Tuesday, 31 January 2012

Guerilla Gardening.

After stumbling across the delights of 'The pothole gardener' (thanks to the Topshop twitter) i have chosen to share the joy!
A seemingly anonymous gardening enthusiast brightens up the boroughs of London by creating 'Holes of happiness'. Filling in potholes, the artist creates miniature horticultural scenes, ranging from a royal wedding inspired piece to sea-side settings. I love his work and think it is very inspiring indeed! 




I will soon be heading to London myself to work with Vauxhall fashion scout at LFW. Hopefully i may spot a little 'Hole of happiness' myself!

Take a peak at some of his videos on youtube!
http://www.youtube.com/user/thepotholegardener/videos?feature=context&sort=dd&page=1&view=u



Friday, 27 January 2012

Down to the Market.

On a recent trip to Tynemouth market I got a bit snap happy... Here are some highlights!











Controversy in Colombia.

As part of our experiential design brief for semester two, we are to design and budget a fashion show. As a starting point to my module i have been exploring South American womenswear and boy did i get a surprise.

In Colombia there is a running joke that on her sixteenth birthday it is the norm for a father to buy his daughter a lovely pair of bum implants; however this is no laughing matter as it is often the case. In a culture shock realisation i noticed a stark difference between the South American models and the stereotypical skinny models we see working in the European industry. 

These young girls crave such a gift due to the image portrayed in South American fashion. The sought after look, which women of all ages are seemingly prepared to pay thousands for consists of a lot more 'meat on the bones' in comparison to our british girls. Almost all Colombian models have breast and bum implants (although not many are willing to admit it) in order to portray the typical curvy Latino woman. The famous latino curves are accentuated and this is referred to as 'Narco-Beauty'. It proved difficult to research any actual South American fashion collections due to the fact Colombian fashion week (amongst many other South American shows) seemed to largely consist of these 'Narco-beauties' prancing around in bikinis and underwear, being true to the saying 'if you've got it flaunt it' and these woman have definitely made sure they have it.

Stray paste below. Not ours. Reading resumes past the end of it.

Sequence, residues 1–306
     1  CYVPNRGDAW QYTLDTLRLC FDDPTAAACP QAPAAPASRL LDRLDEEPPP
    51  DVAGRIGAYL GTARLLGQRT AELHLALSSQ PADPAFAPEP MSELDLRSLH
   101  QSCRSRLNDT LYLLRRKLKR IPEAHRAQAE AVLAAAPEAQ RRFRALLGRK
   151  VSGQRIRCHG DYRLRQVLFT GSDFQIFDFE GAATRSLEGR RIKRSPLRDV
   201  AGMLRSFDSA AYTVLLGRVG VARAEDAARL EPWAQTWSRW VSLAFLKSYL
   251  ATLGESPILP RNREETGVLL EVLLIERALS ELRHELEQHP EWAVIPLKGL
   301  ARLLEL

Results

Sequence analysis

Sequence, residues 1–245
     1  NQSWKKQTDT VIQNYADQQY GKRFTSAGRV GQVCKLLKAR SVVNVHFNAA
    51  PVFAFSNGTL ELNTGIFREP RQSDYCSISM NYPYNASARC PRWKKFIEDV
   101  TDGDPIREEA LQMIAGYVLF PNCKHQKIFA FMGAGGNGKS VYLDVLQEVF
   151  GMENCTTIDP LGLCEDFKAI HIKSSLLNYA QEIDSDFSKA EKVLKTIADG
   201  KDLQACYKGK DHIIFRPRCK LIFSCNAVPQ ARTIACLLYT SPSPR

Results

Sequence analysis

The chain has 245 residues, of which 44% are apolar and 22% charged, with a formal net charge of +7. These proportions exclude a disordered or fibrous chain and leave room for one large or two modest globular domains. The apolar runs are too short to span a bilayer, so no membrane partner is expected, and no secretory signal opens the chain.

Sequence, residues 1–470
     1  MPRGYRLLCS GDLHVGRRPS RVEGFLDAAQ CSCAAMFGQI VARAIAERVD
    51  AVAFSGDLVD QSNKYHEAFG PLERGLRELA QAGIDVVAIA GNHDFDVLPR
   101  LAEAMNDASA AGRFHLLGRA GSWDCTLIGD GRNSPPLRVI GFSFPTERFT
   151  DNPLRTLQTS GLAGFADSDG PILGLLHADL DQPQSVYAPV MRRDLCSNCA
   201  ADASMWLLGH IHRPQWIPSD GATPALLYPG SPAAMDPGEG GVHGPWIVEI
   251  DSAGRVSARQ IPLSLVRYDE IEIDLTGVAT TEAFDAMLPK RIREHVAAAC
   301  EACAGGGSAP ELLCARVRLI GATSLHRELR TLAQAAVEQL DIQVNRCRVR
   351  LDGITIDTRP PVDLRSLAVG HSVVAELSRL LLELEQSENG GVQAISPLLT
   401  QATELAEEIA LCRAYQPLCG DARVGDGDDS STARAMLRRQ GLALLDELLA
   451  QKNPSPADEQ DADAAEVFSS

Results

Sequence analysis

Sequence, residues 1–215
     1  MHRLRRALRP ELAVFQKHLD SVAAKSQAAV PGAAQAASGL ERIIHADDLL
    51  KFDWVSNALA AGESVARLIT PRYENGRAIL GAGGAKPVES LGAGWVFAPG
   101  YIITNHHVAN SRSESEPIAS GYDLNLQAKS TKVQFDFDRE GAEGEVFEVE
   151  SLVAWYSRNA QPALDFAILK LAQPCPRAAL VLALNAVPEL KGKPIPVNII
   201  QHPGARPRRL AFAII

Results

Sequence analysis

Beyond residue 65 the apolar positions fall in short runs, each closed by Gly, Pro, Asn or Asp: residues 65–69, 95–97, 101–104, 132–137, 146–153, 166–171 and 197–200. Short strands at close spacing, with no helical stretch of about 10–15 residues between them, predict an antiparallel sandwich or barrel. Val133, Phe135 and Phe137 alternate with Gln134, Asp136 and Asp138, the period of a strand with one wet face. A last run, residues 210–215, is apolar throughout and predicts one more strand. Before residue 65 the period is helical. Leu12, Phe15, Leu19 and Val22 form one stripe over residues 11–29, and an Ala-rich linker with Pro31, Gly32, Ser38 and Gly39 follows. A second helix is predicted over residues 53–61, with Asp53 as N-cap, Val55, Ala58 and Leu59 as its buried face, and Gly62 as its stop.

Yet more controversy lies around Colombian fashion week due to a large glamorisation issue with the cocaine industry. The issue in being that it isn't really seen as an issue at all. Models and designers openly admit to using the drug and in one instance of a more elaborate catwalk set large mountains of white powder surround the show set, assumed by most to be representing large mountains of cocaine. 

Presented by Charlotte Duboc 'Vice' magazine has covered these issues in a three part series which can be viewed here. http://www.vice.com/en_uk/fashion-week-internationale/colombia-part-1

Fashion Styling.

Here are a few of my favourite images from my Fashion Styling brief in the semester one photography module at uni. Slightly inspired by the Burberry Beach shoot (I love the contrast of the harsh leather look and soft beach landscape, (mmm)), I took my trusty model (and trusty pal) Laura to Tynemouth beach and pretended to be a photographer for the day!


We had a wail of a time and Laura was a trouper! 






Dum Dum Girls vs The New Fetish


Tapping my feet to the sound of Indie-Pop band The Dum Dum Girls playing live at the Cluny, I find myself staring at them in awe; the foursome are all uniquely attractive and are the type of women in which any man would gain an instant ego boost, if he were to have a Dum Dum hanging off his arm.
I notice drummer Sandy and Lead singer Dee Dee are particularly model-esque, both standing tall with dark long locks. Magisterial hairstyles being a major factor throughout the Dum Dum look; bassist ‘Bambi’ sports thick, lengthy ginger waves whilst guitarist Jules wears an elongated Mary Quant cut.
The audience is surprisingly varied and there are plenty of middle-aged men who, no doubt, were enjoying the sights just as much as the sounds.